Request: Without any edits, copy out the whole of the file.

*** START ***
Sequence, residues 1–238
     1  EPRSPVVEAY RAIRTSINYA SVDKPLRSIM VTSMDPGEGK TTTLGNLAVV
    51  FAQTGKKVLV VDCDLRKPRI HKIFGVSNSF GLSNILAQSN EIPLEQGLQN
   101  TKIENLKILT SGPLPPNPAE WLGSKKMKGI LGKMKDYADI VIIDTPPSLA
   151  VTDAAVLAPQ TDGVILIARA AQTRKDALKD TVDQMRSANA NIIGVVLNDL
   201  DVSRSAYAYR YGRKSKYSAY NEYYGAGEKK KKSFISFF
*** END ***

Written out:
Sequence, residues 1–238
     1  EPRSPVVEAY RAIRTSINYA SVDKPLRSIM VTSMDPGEGK TTTLGNLAVV
    51  FAQTGKKVLV VDCDLRKPRI HKIFGVSNSF GLSNILAQSN EIPLEQGLQN
   101  TKIENLKILT SGPLPPNPAE WLGSKKMKGI LGKMKDYADI VIIDTPPSLA
   151  VTDAAVLAPQ TDGVILIARA AQTRKDALKD TVDQMRSANA NIIGVVLNDL
   201  DVSRSAYAYR YGRKSKYSAY NEYYGAGEKK KKSFISFF